Yes, the clients had planned their build schedule effectively and we had the opportunity to design the kitchen off-plan. This meant that layout-wise, there were no major challenges to overcome as everything had been thought of in advance and this allowed for greater freedom with the design. All the services were placed according to the entire build process, which was highly efficient – it took approximately six weeks to make the kitchen and it was installed within just over a week.

The biggest design challenge was the size of the room – it was cavernous. Often the challenge is space being at a premium, so when, like in this case, there was an abundance of room to play with, it was actually a challenge to fill it effectively yet in a pared down way with an organic, warm feel while meeting the brief. It was decided that the island would become the focal feature of the room, measuring 3m long, yet graceful in its rawness and purity while adding a feeling of luxury really hit the mark to deliver on the brief.

Q) What elements do you think make the scheme so successful?

There was much discussion between clients and designer when it came to the addition of the breakfast bar – we thought that adding this and the chairs would detract from the purist impact of the marble block illusion, but the clients were adamant about including this feature in the design because it is, after all, a social space and the hub of their home. We came to an agreement in the end which doesn’t spoil the beauty or impact of the block shaped island, in fact it adds the feeling of softness and warmth within the room. Adding the seating space to the end of the island also allows it to look like a solid piece as you enter the room.

This also highlights the monumental island. It’s a work of art and such a statement. The raw natural material just works so well with the dark oak and resin floor. For me, what’s so successful about the kitchen is the seamless blend of materials. They all sing and shine in their own ways and together, that’s what makes the kitchen.

Q) Any advice for someone who may be planning a new kitchen?

First, think about how you use the space. You may have your heart set on a large island, but in fact a peninsular may actually work better for the space or how you’ll use it. Consider appliances early – they take up a lot of space, particularly if you don’t benefit from a utility room, so it’s vital these are planned in.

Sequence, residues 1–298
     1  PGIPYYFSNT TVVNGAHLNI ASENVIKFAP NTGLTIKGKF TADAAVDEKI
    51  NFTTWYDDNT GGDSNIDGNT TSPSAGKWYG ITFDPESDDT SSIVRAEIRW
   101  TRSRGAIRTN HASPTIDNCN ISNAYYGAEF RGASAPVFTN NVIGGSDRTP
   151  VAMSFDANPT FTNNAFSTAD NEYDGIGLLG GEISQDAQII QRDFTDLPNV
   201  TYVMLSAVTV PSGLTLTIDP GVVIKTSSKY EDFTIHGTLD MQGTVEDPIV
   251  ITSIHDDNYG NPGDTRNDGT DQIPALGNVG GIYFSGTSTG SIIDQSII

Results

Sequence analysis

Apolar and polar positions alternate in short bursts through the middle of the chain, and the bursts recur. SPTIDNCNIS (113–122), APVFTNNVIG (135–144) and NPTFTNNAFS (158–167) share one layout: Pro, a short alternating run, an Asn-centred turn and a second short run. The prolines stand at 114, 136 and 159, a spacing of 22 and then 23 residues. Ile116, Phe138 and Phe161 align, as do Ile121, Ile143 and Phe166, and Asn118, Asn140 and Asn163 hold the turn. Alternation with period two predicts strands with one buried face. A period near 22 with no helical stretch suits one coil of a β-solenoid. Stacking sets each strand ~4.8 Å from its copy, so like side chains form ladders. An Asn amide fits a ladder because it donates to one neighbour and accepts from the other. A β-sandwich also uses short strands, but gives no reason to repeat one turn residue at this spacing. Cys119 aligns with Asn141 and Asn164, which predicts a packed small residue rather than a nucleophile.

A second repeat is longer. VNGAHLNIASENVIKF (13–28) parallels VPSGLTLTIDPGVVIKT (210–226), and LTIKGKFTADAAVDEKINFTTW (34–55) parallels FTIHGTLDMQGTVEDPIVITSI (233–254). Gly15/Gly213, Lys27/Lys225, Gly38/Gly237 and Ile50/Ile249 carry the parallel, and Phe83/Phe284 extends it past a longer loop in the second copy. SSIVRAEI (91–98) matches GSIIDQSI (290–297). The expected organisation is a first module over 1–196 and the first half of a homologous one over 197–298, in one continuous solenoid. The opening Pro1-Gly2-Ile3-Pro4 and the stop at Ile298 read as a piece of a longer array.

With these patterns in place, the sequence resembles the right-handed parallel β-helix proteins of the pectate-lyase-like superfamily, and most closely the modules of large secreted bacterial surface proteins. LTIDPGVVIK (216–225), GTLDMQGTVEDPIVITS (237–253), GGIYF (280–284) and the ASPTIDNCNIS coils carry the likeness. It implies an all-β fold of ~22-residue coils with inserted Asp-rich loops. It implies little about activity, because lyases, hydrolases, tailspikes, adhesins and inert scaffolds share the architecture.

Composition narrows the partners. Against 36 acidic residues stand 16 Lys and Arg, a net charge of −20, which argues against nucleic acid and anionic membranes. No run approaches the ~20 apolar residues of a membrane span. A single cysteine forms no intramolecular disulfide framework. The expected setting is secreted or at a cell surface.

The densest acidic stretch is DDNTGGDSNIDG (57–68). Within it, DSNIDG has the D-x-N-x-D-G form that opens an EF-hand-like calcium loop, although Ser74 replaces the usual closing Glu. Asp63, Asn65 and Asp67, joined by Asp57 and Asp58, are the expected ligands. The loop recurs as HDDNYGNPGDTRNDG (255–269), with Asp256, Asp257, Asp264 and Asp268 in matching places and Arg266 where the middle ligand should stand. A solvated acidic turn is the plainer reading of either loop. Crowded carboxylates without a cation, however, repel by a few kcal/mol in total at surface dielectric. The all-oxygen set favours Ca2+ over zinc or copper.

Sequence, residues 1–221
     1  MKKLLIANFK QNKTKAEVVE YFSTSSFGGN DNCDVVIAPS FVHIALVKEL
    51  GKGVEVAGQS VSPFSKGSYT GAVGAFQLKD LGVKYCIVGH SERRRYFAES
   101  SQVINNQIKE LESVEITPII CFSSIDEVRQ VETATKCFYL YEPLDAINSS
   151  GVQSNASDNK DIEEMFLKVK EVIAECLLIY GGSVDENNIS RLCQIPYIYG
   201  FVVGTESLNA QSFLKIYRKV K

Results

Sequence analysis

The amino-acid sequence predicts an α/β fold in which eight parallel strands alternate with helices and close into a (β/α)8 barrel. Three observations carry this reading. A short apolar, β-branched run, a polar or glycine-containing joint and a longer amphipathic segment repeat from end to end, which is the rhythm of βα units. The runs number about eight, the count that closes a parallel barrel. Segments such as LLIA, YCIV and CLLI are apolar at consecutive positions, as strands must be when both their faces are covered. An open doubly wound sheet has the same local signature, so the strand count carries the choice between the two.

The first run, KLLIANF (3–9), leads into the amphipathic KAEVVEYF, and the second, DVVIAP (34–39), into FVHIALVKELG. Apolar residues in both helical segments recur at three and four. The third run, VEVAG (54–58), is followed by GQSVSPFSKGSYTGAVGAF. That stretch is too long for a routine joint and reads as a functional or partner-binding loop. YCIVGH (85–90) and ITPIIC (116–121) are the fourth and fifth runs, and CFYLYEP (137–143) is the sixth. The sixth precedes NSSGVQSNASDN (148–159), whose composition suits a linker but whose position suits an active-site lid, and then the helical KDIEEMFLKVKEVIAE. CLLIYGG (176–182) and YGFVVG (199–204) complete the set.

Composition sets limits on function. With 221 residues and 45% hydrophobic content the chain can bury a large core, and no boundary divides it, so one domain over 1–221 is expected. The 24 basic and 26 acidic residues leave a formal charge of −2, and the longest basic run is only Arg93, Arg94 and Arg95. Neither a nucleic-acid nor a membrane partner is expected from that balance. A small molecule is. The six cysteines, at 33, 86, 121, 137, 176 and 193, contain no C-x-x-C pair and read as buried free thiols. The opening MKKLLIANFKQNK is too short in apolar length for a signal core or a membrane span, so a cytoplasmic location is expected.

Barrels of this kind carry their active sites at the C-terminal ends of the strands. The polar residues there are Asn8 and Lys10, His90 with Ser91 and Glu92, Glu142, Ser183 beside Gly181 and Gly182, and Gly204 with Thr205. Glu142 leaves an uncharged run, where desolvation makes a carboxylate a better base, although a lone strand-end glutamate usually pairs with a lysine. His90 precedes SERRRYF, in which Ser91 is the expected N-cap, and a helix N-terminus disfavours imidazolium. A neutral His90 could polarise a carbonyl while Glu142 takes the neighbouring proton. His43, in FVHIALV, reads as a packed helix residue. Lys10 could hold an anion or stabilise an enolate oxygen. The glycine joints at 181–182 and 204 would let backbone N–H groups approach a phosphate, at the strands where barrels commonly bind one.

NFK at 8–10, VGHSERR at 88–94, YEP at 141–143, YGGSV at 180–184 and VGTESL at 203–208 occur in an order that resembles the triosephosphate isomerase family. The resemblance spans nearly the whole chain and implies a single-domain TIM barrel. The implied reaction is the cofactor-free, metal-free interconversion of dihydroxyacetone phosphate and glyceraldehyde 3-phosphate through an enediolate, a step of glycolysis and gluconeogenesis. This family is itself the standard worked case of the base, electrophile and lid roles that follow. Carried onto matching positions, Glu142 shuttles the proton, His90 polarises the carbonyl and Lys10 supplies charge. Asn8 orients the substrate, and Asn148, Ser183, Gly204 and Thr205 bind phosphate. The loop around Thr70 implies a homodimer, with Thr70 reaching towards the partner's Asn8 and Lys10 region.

Where possible, we always advise to go floor to ceiling with cabinetry. It’s cleaner, gives you much more space and really exaggerates the height of a kitchen. This is great in a light open space like a new extension, and with doors on to the garden gives that much sought-after flow from indoors to out. The other thing to consider is flooring. Consistent flooring throughout the whole of the bottom floor will always add space and light and instantly makes the space look more put together and polished.

The other thing we always look to do is work with the highest quality materials we can. A kitchen will always be an investment and you want that investment to last and higher quality materials afford that luxury. They also help make a kitchen beautiful. Invest wisely. Going bespoke is also a real luxury and one which will pay off. Everything is built to fit your space. There are no awkward edges, no cupboards that squeeze in around corners. It’s built exactly how you want it and that’s what creates perfection.

 Q) Any trend predictions for 2022?
We always consider the trends but for us, it’s always about the materials. The kitchens we design are made to last the lifespan of the home meaning trends will come and go but the kitchen will remain the heart of the home. Keeping things classic but with a modern, contemporary and always elegant look allows for the kitchen to be the focal point. Paint colours, accessories and handles can easily fit into the trend of the moment. But we like to keep the core timeless.

The details:

Appliances by Neff and Siemens

Worktop in Richlite

Hayley loves: how the functional elements of kitchen can be instantly concealed from view, leaving just the stunning marble island to take centre stage.

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Minimalist hidden kitchen by En Masse Interiors